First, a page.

“As you wish.”

The mortar was half-rotted, but the bars had been driven deep into the rock. Under their crusting of rust there was still plenty of iron. It was a long job, but it was something to do and required a blessed absence of thought. They couldn't take it away from him. It was a good, clean challenge; you knew if you went on chipping away, you'd win through eventually.

It was the “eventually” that was the problem. Eventually Great A 'Tuin would reach the end of the universe. Eventually the stars would go out. Eventually Nobby might have a bath, although that would probably involve a radical rethinking of the nature of Time.

He hacked at the mortar anyway, and then stopped as something small and pale fell down outside, quite slowly.

“Peanut shell?” he said.

The Librarian's face, surrounded by the inner-tube jowls of the Librarian's head, appeared upside down in the barred opening, and gave him a grin that wasn't any less terrible for being the wrong way up.


The orangutan flopped down off the wall, grabbed a couple of bars, and pulled. Muscles shunted back and forward across its barrel chest in a complex pavane of effort. The mouthful of yellow teeth gaped in silent concentration.

There were a couple of dull “thungs” as the bars gave up and broke free. The ape flung them aside and reached into the gaping hole. Then the longest arms of the Law grabbed the astonished Vimes under his shoulders and pulled him through in one movement.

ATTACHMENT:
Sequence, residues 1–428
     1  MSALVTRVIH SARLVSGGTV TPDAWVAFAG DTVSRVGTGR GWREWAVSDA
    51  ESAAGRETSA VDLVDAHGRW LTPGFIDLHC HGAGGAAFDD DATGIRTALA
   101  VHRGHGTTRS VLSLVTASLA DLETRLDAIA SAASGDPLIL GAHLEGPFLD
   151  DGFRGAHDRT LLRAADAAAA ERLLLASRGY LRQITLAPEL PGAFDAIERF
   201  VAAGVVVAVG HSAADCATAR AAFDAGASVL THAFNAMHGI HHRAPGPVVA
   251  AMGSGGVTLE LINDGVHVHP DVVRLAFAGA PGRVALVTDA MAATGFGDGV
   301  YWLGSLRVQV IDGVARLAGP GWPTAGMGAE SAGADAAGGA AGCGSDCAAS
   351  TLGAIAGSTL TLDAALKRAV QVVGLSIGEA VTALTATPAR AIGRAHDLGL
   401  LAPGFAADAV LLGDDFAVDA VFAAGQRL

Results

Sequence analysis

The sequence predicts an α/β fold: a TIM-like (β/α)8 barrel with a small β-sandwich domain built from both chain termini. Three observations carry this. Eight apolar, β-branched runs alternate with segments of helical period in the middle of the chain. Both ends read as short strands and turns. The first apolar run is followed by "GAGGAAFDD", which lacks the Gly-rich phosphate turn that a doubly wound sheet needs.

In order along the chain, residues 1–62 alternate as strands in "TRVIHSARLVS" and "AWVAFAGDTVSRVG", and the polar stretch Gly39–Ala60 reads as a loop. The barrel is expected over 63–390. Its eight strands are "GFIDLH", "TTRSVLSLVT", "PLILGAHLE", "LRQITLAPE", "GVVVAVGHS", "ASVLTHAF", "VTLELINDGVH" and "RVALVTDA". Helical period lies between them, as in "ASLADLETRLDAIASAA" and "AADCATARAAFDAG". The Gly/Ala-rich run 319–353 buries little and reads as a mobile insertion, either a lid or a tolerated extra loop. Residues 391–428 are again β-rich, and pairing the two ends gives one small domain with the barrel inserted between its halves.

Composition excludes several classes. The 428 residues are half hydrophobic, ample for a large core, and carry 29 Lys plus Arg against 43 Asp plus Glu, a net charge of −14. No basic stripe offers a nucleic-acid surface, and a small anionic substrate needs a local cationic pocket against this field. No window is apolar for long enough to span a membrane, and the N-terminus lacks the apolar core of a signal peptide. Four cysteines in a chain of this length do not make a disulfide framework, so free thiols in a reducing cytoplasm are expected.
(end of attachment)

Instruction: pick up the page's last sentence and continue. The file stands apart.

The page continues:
The rank surveyed their handiwork.

“Right,” said Nobby. “Now, what are the chances of a man standing on one leg with his hat on backwards and a handkerchief in his mouth hitting a dragon's voonerables? ”

“Mmph,” said Colon.

“It's pretty long odds,” said Carrot. “I reckon the hanky is a bit over the top, though.”

Colon spat it out. “Make up your minds,” he said. “Me leg's going to sleep.”

Vimes picked himself up off the greasy cobbles and stared at the Librarian. He was experiencing something which had come as a shock to many people, usually in much more unpleasant circumstances such as a brawl started in the Mended Drum when the ape wanted a bit of peace and quiet to enjoy a reflective pint, which was this: the Librarian might look like a stuffed rubber sack, but what it was stuffed with was muscle.

“That was amazing,” was all he could find to say. He looked down at the twisted bars, and felt his mind darken. He grabbed the bent metal. “You don't happen to know where Wonse is, do you?” he added.

“Eeek!” The Librarian thrust a tattered piece of parchment under his nose. “Eeek!”

Vimes read the words.

It hathe pleased . . . whereas . . . at the stroke of noone ... a maiden pure, yet high born . . . compact between ruler and ruled ...